An overview of the health, safety and environmental regime in Nigeria’s offshore oil and gas sector
As a result of tightening up of the health, safety and environment (HSE) standards applicable to Nigeria’s offshore oil and gas sector, operating companies embarking on new projects in Nigerian waters need to carefully assess the risk and financial burden of these new requirements before committing themselves or their assets to these projects.
The collapse in crude oil prices in 2014, coupled with political and civil unrest in the Niger Delta region (where the vast majority of Nigeria’s oil and gas reserves are located), has led in recent years to a significant decline in oil and gas production and exports from Nigeria.
With oil prices now beginning to stabilise at more economically viable prices and the Nigerian Government taking action to bring peace and stability to the Niger Delta, oil and gas production in Nigeria is beginning to steadily increase. With this projects that had previously been delayed or cancelled are now being resumed and new exploration and development projects are being planned.
For companies looking to participate in these projects it is important to have a full understanding of both the applicable HSE requirements currently in force as well as those in the legislative pipeline. Partly this is needed to ensure compliance with all local regulations but the current requirements may also have an impact on the profitability of any given project.
Health and safety
The main regulations currently in force which govern the health and safety regime for upstream oil and gas projects are the Petroleum Act (Laws of the Federation of Nigeria (LFN)) 2004 (as amended) and the Mineral Oils (Safety) Regulations 1963 (as amended).
The Petroleum Act establishes various health and safety provisions that apply to operations in the offshore oil and gas sector as well as empowering the Minister of Petroleum to make regulations regarding safe working conditions and accident reporting. The Mineral Oils (Safety) Regulations provides for the application of standard safety measures in relation to the handling and utilisation of equipment in oil and gas operations.
The Environmental Impact Assessment Act 1992 (as amended) (the “EIA Act”) is the principal piece of legislation relating to environmental regulation in Nigeria and requires companies to undertake an environmental impact assessment (EIA) before constructing or installing oil and gas facilities in the Nigerian offshore sector. In addition companies are required to set up an environmental management system and conduct annual environmental and safety audits for facilities that are installed or constructed.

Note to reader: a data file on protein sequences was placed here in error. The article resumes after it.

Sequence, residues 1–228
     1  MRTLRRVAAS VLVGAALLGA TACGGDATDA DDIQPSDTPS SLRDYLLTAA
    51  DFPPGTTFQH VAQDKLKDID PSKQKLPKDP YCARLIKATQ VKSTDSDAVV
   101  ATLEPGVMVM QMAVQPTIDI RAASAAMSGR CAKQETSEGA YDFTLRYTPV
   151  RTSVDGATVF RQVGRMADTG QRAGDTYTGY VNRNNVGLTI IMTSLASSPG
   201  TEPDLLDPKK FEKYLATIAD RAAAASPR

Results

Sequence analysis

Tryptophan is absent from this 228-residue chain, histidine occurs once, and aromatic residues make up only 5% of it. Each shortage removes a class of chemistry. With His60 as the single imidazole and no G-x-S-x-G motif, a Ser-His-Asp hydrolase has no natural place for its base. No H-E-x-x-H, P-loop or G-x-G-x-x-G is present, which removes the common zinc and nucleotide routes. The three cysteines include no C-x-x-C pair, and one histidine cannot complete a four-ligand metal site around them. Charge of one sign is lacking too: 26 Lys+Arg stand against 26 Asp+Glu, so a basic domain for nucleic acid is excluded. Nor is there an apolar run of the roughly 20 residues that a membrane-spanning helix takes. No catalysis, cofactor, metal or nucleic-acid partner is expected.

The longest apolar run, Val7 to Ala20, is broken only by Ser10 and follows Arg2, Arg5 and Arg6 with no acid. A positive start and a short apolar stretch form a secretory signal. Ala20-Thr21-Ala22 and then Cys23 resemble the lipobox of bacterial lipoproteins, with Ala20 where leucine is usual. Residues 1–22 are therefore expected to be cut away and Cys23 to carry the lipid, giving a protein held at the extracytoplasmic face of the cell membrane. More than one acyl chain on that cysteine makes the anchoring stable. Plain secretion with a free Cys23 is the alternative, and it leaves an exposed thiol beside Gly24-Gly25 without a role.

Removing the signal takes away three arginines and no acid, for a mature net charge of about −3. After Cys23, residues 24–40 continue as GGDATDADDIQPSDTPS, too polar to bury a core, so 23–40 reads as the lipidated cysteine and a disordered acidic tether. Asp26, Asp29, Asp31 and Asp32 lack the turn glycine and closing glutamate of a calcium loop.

Oil facility operations must also comply with a number of international standards, including ISO 14000 (a series of environmental management standards developed and published by the International Organisation for Standardisation (ISO)) and OHSAS 1801 (Occupation Health and Safety Assessment Series) (an internationally applied British standard for occupational health and safety management systems).
In each case, HSE regulations are enforced by a system of permits and approvals, with regulatory officers appointed under the relevant legislation having the power to inspect and where necessary confiscate or seal up facilities that are in breach of the applicable regulations.
An operating company that fails to obtain all the necessary authorisations and permits may be held liable and the company may have to pay all costs associated with the investigation, remedying and subsequent monitoring of the HSE impact on any project. The Minister of Petroleum has powers to revoke any authorisation where a company has failed to comply with applicable laws, including environmental regulations.
The relevant regulatory regime also provides for the imposition of stringent fines for any breach of the HSE regulations as well as requiring the payment of compensation to affected persons. This is in addition to the costs of remedying any environmental damage.
National Petroleum Policy
In response to continued pressure to improve the safety record in Nigeria following a number of “preventable” accidents in recent years, the Federal Executive Council of Nigeria approved a new National Petroleum Policy (the “Policy”) on 19 July 2017. This Policy seeks to address a broad range of issues relating to the sustainable development of the country’s oil and gas resources, including issues relating to health, safety and the environment. This is likely to lead to new and tighter HSE requirements.
As stated in the Policy in relation to HSE issues:
“The current system in Nigeria regarding maintenance, health and safety in the Nigerian petroleum sector is not acceptable. Major safety incidents go without proper investigation and without sufficient responsibilities being apportioned.”
The Policy identifies the need to introduce various measures to ensure robust adherence to HSE requirements, as well as introducing criminal sanctions for individuals found culpable of HSE breaches, including company directors who are found to be grossly negligent in the discharge of their duties.
The extent and speed at which the recommendations set out in the Policy are implemented will of course be the key factor in its success. Given the changing regulatory environment, companies who are currently undertaking oil and gas projects in Nigeria, or are looking to embark on new projects, would be well advised to obtain comprehensive legal and regulatory advice to ensure that all HSE related requirements and authorisations are fulfilled and obtained. The consequences of failing to do so may well be severe.